As we are all preparing to do things differently for a while, I have been fielding many questions regarding just how to get things working well – for us and for our clients. Here is a summary of what I feel is good to know.
First, a short video of my introduction on how to do Brainspotting sessions via telehealth.
Working from Home
When we are in our homes, so many things are so different. The space, our muscle memory for where things are, maybe even how we feel about ourselves and our practice. I know that I feel much more “on the job” when I am in my office than at home, that’s a big reason why I have an office. I like the separation of work/life and I like the guaranteed privacy.
At home I need to create a space that achieves as much of my professional comfort as possible. I have a room where I can close the door. I purchased a second sound machine so I have the same familiar ocean wave noise as I am accustomed in my office. I have a desk where my computer can be stable and at eye-level. I have a rolling desk chair so I can move about a bit. I have a jar with pens, pointers, finger puppets to use in the session. I have my files and my phone. I have a clock at eye-level so I can track the timing of the session.
The headset is so I am confident that my clients are being protected as much as possible, nobody in the house can hear the client’s voice or what they are expressing. In working for just a short while with earbuds that have a mic, I found them to be very uncomfortable, and the mic gets brushed and muffled often which becomes overly irritating (at least to me) on the receiving end when you are doing work this way all day.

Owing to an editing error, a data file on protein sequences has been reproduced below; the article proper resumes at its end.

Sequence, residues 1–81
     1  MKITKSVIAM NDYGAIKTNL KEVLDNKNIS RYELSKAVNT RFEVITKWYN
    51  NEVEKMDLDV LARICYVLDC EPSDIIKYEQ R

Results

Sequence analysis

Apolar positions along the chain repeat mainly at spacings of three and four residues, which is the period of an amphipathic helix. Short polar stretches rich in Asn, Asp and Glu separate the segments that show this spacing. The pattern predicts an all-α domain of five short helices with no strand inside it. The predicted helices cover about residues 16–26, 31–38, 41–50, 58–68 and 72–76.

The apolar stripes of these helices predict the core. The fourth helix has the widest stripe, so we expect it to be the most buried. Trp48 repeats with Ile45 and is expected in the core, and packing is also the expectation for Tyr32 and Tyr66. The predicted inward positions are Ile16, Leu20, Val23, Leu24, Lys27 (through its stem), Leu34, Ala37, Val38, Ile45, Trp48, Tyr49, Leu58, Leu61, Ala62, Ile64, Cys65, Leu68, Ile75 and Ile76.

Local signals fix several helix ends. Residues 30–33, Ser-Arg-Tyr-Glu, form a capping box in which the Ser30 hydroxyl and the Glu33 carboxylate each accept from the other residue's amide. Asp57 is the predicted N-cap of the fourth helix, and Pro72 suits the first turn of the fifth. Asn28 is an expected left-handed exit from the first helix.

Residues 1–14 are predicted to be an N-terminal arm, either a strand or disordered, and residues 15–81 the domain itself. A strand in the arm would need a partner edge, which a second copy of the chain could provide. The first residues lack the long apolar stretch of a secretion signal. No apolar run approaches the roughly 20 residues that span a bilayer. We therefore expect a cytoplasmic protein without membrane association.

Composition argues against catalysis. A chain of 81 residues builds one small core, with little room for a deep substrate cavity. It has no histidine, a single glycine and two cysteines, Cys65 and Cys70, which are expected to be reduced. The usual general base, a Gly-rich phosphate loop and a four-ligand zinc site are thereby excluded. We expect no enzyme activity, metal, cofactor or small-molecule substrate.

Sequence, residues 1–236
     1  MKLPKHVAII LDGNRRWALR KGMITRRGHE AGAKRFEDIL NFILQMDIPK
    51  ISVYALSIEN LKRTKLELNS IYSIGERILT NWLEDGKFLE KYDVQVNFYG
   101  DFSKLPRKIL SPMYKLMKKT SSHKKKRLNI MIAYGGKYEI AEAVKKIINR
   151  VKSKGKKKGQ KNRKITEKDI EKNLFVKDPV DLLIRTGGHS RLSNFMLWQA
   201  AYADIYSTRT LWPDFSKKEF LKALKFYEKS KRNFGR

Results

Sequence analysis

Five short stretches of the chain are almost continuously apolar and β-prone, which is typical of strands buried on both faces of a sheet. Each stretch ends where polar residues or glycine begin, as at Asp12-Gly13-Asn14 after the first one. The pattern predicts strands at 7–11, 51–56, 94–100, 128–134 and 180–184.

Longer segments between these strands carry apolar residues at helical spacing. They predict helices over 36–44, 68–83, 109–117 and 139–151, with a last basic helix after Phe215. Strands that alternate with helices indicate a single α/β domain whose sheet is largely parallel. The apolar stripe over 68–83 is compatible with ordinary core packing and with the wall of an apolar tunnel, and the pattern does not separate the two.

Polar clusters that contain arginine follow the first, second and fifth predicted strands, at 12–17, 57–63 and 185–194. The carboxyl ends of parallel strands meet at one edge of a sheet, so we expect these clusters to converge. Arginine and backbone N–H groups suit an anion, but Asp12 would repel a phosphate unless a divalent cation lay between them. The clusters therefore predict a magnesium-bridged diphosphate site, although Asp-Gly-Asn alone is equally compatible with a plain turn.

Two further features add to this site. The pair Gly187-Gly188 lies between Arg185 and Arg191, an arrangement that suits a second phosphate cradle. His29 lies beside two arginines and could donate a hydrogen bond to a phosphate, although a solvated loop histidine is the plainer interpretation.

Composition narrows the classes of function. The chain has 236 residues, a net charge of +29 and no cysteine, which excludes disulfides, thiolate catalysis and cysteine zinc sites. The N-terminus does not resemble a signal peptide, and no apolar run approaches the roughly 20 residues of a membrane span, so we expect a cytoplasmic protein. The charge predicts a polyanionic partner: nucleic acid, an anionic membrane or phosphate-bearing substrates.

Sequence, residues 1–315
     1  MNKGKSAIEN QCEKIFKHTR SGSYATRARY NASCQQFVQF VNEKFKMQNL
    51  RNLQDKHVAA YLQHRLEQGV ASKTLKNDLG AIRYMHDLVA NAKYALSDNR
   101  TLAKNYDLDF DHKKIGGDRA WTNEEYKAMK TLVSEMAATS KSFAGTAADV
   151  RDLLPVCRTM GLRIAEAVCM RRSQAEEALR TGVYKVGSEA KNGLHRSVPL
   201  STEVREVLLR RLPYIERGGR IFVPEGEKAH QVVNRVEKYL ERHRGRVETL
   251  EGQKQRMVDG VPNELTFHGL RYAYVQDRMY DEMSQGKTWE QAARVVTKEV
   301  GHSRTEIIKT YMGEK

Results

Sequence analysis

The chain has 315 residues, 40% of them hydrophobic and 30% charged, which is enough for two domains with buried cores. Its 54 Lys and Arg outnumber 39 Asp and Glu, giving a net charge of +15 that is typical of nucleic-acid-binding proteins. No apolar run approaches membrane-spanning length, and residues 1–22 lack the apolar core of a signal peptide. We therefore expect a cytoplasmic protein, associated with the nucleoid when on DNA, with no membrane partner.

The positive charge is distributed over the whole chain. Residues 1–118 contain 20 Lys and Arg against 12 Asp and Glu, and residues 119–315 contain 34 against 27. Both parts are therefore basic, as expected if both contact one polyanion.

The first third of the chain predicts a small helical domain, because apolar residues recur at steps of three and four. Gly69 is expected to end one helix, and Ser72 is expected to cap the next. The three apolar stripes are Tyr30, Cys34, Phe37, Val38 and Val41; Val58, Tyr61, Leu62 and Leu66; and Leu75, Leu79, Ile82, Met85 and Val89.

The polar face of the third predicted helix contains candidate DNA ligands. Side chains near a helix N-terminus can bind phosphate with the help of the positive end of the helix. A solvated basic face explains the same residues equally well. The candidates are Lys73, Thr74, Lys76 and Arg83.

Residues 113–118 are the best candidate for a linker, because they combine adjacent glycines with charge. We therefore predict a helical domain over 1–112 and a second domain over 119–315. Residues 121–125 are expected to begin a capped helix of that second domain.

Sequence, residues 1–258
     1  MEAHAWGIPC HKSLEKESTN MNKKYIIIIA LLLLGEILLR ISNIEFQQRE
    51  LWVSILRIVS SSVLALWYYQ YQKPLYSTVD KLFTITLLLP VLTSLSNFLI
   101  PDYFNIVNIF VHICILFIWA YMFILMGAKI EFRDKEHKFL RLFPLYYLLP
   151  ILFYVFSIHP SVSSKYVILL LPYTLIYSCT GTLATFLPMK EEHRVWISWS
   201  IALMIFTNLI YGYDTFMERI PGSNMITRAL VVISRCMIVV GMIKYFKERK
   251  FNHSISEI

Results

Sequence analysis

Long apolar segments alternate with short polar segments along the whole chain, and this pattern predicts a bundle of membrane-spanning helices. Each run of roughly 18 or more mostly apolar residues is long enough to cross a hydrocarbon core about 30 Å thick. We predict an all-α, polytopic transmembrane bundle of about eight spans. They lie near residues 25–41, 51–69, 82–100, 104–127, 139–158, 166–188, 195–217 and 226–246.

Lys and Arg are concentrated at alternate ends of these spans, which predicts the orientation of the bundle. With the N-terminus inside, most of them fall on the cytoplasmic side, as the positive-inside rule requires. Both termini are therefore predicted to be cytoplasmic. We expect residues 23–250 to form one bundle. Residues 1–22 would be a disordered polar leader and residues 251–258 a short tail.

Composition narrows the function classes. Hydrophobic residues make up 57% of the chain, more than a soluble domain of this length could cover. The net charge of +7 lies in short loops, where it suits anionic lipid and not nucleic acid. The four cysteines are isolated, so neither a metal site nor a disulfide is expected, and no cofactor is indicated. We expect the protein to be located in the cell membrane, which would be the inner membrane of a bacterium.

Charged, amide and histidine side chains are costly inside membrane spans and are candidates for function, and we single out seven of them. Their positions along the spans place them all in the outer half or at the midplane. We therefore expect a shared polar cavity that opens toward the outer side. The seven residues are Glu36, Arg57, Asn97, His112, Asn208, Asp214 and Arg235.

The conferencing microphone is a great option for groups, and that is how I have been using it so far. It drowns out background noise and amplifies my voice and it has a great range so if I move around, the client or group can still hear me clearly.
TIP: make sure the audio on your system is selecting the remote speaker/headset, not the built-in one. You can check that on the top bar of your screen, and then again make sure to select it within the Preferences of the video conferencing platform that you use.
The Client’s Home Client-side setup
My colleague here, Nick Doolittle, created a lovely “get started” how-to page for clients and offered to share it with everyone. I e-mail it prior to the session so clients can set up their space and be as ready as possible before the session, making the most of the time.
One thing to really stress with clients, trainees, colleagues is that their video source (laptop / desktop / iPad / tablet / phone) be STABLE, i.e: stationary. Working with screen sessions for extended periods I find myself quite seasick by the end of the day if clients are moving around, jostling the device, etc.
The Business Part
I have a new link on my site to accept PayPal or credit card payment for sessions. I also have a fill-in-able pdf of the Intake Paperwork that clients can send to me via e-mail, or if need be through a Dropbox exchange.
We are all doing the best we can, learning from each other and from each session. Be kind and gentle with yourself and remember that your clients will give you far more credit than you think.